The Aggressiveness of Playful Arguments
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- Hample, D., Han, B. & Payne, D. Argumentation (2010) 24: 405. doi:10.1007/s10503-009-9173-8
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Some people report that they argue for play. We question whether and how often such arguments are mutually entertaining for both participants. Play is a frame for arguing, and the framing may not always be successful in laminating the eristic nature of interpersonal argumentation. Previous research and theory suggest that playfulness may be associated with aggression. Respondents (N = 199) supplied self-report data on their arguing behaviors and orientations. We found support for the hypothesis that self-reported playfulness and aggression are directly associated. We found less evidence for our hypothesized inverse association between self-reported playfulness and indices of cooperation and avoidance. Self-reports of playfulness are not significantly associated with expert coders’ ratings of either playfulness or aggressiveness. The claim that an argument is playful should be met with skepticism, although playful arguments are possible.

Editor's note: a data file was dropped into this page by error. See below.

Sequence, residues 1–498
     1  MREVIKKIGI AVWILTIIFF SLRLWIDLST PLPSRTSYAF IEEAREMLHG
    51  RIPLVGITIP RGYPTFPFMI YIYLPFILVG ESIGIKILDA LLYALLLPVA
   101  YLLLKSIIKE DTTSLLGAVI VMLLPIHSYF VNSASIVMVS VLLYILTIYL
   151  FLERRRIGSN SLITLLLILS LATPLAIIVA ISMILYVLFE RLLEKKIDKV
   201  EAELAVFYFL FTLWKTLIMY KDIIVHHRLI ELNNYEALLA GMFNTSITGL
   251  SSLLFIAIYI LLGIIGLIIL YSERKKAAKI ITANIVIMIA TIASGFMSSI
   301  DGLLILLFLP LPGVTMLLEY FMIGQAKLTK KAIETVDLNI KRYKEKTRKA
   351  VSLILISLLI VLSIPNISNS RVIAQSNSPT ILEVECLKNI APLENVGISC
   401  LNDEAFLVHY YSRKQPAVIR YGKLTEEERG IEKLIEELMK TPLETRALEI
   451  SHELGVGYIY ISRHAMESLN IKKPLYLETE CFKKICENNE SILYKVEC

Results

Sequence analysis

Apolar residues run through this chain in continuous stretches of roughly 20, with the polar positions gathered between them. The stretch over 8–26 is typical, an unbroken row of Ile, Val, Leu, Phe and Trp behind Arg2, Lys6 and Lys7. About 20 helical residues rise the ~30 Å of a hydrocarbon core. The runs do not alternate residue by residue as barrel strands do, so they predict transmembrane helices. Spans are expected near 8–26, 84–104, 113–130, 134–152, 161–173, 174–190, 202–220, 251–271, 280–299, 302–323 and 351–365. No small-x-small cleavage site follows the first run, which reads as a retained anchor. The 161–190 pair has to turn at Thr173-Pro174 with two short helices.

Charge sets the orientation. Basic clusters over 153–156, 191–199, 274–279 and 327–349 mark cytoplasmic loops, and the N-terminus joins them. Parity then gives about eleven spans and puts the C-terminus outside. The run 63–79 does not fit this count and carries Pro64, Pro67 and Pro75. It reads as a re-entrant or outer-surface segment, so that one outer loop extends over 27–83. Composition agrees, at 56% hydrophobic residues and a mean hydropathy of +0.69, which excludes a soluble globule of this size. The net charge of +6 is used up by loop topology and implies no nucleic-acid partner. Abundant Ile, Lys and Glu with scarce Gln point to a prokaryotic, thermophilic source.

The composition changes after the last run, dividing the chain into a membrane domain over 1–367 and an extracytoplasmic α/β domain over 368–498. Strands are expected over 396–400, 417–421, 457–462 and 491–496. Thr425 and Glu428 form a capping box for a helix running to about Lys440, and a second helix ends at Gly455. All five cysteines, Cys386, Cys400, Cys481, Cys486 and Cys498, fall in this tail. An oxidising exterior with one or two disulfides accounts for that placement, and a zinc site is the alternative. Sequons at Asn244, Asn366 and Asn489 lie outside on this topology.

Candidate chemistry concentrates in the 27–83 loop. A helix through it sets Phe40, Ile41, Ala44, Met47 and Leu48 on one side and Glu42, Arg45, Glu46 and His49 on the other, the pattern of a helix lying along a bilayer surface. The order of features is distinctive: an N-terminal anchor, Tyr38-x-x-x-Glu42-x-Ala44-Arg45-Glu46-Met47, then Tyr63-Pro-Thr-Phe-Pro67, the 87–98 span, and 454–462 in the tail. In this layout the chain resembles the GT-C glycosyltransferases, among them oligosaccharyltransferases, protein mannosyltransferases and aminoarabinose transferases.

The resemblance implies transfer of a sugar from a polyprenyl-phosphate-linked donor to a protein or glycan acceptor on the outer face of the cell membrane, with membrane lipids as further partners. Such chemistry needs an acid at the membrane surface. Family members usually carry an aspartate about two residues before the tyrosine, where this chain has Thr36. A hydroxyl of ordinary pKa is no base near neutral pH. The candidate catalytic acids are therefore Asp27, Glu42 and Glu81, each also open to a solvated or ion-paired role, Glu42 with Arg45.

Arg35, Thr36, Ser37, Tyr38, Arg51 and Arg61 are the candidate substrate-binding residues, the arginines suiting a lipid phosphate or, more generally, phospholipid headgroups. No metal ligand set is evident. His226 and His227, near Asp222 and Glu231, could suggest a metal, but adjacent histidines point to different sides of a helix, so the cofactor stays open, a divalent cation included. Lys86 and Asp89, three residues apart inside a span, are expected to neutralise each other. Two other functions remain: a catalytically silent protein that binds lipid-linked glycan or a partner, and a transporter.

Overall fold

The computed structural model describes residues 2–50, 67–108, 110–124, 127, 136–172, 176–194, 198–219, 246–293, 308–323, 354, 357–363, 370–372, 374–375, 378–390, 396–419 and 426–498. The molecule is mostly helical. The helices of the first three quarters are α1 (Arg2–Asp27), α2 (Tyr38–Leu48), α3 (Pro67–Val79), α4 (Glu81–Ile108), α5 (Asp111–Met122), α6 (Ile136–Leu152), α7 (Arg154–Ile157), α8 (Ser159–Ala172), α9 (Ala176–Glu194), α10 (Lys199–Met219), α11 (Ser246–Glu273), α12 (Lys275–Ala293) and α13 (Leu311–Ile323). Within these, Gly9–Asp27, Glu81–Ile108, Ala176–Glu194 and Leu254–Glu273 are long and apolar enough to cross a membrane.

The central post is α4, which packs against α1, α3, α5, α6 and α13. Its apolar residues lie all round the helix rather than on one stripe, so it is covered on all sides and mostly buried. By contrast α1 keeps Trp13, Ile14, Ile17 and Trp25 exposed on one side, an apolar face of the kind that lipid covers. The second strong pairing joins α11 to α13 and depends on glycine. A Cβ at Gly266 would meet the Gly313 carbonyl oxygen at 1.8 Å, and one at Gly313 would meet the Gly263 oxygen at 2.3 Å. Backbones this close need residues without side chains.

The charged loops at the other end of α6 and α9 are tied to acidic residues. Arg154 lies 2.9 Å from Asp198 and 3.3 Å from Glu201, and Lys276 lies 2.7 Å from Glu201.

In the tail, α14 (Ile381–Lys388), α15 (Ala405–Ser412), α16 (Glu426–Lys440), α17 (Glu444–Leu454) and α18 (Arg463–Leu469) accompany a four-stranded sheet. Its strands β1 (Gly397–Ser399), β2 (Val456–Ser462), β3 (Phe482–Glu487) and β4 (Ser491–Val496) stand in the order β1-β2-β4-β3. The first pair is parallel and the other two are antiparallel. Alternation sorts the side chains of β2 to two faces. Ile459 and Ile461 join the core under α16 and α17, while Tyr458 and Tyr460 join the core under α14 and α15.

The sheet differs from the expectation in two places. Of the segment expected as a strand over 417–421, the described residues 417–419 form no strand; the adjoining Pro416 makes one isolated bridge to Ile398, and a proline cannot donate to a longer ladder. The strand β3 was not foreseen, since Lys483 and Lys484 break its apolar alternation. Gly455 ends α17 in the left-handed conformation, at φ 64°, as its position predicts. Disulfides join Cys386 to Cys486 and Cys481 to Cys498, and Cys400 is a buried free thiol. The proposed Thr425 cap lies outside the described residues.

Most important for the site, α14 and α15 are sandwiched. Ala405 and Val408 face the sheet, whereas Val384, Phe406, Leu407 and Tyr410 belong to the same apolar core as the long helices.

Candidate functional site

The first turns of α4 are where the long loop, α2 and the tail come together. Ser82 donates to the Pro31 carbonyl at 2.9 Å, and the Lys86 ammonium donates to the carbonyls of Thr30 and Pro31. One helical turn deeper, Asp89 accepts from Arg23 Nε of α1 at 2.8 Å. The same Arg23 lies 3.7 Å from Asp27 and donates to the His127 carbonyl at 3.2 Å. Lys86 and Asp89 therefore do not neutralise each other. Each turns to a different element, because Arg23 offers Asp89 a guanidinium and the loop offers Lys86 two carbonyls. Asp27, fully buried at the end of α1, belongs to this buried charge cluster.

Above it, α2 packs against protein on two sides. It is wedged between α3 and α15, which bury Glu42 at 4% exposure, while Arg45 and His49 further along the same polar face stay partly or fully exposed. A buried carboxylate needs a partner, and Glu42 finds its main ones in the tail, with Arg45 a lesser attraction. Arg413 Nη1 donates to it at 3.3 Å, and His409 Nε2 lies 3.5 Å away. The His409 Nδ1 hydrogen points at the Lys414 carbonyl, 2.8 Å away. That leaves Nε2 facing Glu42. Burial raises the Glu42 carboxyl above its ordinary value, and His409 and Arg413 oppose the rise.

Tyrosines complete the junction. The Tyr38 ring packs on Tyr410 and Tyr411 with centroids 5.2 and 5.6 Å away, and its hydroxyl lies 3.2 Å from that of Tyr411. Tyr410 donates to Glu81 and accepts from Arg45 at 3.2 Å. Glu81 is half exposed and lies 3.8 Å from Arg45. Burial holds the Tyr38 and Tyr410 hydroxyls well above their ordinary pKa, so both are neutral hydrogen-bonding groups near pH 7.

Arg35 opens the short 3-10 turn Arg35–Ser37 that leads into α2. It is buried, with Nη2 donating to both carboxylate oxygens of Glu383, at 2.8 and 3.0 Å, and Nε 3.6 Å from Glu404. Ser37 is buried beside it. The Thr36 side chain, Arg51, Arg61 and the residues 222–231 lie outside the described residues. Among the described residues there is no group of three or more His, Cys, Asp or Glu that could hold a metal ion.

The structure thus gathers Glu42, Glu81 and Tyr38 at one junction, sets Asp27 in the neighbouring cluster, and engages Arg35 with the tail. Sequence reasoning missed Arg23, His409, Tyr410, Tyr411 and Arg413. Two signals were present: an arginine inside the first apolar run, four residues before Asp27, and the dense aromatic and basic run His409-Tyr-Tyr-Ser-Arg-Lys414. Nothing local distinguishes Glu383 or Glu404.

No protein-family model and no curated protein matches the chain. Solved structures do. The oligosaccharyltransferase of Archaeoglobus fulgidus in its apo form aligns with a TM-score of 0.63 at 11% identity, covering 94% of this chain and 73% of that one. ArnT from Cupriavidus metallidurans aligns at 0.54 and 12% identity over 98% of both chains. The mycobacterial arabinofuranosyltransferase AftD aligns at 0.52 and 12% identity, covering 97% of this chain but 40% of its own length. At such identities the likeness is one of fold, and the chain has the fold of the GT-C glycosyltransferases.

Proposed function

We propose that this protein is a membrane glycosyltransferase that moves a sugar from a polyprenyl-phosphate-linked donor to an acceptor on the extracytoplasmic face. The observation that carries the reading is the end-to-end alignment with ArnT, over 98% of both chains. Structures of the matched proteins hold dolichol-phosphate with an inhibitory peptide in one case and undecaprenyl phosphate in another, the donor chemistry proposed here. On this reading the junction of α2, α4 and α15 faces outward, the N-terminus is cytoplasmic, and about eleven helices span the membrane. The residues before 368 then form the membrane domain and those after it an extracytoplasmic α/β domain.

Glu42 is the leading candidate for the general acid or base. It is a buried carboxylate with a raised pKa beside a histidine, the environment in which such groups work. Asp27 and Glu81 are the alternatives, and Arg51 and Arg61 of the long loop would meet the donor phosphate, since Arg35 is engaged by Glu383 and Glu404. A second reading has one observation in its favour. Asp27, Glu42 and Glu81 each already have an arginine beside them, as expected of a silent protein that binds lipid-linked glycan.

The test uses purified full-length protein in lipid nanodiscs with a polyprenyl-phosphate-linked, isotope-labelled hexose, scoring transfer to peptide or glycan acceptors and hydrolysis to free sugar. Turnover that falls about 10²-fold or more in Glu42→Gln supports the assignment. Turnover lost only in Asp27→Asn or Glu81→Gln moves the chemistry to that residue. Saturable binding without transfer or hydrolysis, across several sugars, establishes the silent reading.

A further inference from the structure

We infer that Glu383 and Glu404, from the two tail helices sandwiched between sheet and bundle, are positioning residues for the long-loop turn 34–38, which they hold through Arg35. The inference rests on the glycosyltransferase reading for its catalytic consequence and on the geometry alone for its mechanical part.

KeywordsArguingArgument framesPlayAggressivenessCooperationArgumentativenessVerbal aggressiveness